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A320, vicinity Tel Aviv Israel, 2012

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Revision as of 12:41, 27 June 2014 by Integrator1 (talk | contribs)


On 3 April 2012, an Airbus A320 (F-HEPE) being operated by Air France on a scheduled passenger flight from Paris CDG to Tel Aviv making an RNAV VISUAL approach in day Visual Meteorological Conditions (VMC) to runway 26 at destination was mismanaged by the crew so that the recovery from an unintended low speed condition which triggered flight envelope protection led to an overspeed warning. A second and uneventful approach was subsequently made. There were no injuries to the 155 occupants and no resultant aircraft damage.


An Investigation was carried out by the French Bureau d'Enquêtes et d'Analyses (BEA). Recorded flight data was available. It was established that the flight crew involved had been a 58 year old male Captain with around 20000 flying hours over half of which had been gained as a Flight Engineer and 8000 as a Co-pilot on both A320 and A330/340 aircraft. Since gaining a command, he had accumulated 1800 hours on the A320. The 27 year old female Co-Pilot, designated as PF for the incident flight, had accumulated a total of 500 flying hours which included 200 on the A320.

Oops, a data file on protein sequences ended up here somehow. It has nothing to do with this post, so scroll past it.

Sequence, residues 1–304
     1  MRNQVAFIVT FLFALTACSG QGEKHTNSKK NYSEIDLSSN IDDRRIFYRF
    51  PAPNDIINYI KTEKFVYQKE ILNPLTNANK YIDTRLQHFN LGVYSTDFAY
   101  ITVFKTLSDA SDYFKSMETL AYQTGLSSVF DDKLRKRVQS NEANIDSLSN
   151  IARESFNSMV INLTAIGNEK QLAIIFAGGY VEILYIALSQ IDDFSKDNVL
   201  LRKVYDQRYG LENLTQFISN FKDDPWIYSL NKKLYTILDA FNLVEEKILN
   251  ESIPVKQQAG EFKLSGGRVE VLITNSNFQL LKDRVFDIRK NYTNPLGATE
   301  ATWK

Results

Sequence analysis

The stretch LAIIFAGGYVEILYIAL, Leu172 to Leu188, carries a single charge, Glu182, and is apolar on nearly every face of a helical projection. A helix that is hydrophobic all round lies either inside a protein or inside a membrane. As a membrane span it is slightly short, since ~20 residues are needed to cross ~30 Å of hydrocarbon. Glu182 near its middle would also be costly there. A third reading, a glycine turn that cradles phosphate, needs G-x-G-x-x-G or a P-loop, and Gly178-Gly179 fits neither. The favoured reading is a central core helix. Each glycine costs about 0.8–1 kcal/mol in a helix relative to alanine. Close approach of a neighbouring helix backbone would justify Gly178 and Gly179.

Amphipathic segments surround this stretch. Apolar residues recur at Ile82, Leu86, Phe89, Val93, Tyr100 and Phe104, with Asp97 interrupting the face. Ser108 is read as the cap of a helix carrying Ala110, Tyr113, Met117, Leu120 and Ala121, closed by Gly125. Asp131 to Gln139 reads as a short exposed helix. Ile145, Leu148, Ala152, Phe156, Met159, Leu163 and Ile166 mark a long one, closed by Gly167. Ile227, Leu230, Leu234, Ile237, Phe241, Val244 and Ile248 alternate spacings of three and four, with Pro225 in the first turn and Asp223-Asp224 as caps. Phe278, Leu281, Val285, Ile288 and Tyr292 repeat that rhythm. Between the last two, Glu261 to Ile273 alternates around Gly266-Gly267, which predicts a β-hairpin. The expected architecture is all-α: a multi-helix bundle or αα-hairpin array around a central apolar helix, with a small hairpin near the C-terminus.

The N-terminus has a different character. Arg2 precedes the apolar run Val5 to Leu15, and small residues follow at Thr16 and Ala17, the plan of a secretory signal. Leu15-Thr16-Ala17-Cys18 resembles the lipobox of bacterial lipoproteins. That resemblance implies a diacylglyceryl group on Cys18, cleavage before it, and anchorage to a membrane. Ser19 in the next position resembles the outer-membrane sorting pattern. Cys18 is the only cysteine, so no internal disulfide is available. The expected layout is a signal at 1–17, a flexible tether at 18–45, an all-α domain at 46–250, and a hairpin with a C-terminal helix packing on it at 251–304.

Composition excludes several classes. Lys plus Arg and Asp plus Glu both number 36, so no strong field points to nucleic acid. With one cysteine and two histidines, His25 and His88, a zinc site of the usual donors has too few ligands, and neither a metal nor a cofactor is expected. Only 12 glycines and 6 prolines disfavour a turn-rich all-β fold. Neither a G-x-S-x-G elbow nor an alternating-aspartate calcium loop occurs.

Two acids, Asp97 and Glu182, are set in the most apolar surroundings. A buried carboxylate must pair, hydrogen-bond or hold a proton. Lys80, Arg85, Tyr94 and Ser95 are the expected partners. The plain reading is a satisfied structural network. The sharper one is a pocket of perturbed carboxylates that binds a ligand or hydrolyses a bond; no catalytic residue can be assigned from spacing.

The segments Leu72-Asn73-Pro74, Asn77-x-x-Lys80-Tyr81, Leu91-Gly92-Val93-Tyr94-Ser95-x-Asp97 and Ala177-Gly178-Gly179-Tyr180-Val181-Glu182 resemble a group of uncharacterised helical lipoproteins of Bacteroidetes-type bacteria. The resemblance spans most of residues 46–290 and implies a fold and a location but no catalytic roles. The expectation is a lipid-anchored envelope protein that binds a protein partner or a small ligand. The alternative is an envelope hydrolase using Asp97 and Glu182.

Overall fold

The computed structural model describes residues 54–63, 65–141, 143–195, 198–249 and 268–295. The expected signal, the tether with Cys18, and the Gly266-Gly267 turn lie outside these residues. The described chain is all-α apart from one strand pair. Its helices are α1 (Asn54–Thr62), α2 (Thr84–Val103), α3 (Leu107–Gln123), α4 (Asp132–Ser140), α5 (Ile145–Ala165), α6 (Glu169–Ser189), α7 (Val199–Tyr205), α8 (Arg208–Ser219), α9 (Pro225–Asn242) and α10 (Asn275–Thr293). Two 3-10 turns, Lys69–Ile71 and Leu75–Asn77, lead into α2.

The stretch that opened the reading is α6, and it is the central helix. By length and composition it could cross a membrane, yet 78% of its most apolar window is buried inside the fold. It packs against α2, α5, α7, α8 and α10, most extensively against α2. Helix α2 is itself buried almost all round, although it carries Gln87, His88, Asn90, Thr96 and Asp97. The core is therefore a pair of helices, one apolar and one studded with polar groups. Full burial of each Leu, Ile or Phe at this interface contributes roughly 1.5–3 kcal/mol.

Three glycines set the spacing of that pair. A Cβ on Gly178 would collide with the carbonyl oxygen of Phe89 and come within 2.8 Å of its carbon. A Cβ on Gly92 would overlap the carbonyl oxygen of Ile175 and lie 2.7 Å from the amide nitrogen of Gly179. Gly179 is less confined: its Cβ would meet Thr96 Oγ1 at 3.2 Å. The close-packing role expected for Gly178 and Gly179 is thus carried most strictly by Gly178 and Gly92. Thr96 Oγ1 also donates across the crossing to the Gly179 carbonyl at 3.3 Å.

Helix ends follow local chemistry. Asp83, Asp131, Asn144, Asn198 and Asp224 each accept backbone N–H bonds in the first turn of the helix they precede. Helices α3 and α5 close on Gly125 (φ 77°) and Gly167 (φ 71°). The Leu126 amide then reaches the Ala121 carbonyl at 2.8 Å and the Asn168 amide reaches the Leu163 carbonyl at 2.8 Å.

The RNAV VISUAL 26 Approach Chart used by the crew (reproduced from the Official Report)

The approach attempted at Tel Aviv in CAVOK conditions briefed as an ILS approach to runway 26 with only incidental reference to the possibility of an RNAV VISUAL approach for which the Air France chart is shown above.

When ATC offered the RNAV VISUAL Approach, it was accepted but no further briefing had taken place, despite the fact that the PF had never previously flown one and the Captain subsequently stated that he was “not very familiar with this destination”. Neither pilot had received training on this type of approach and there was no reference to it in the Air France ‘Technical Use Manual’. The recommended descent on the charted procedure and its note involved the use of FD/AP/ATHR to achieve a mean slope of 2.7° between waypoints KEREN and DALIT, thereafter following the Visual Approach Slope Indicator Systems and selecting AP/FD OFF below 500 ft agl.

On the incident flight, descent to 3000 feet QNH for the downwind leg had been made in DES/NAV mode and then, half way along the downwind leg, the vertical mode had been changed to OPEN DESCENT which resulted in thrust being reduced to idle. Shortly after this, managed speed was selected and fully configured the aircraft for landing, ahead of the recommended position which was “once established on the glide path, just before lining up on final”. The effect of this action with idle thrust maintained was a rapid reduction of the speed towards the applicable Vapp of 138 KIAS with a lower stall margin than the recommended SOP of a higher target speed prior to final approach.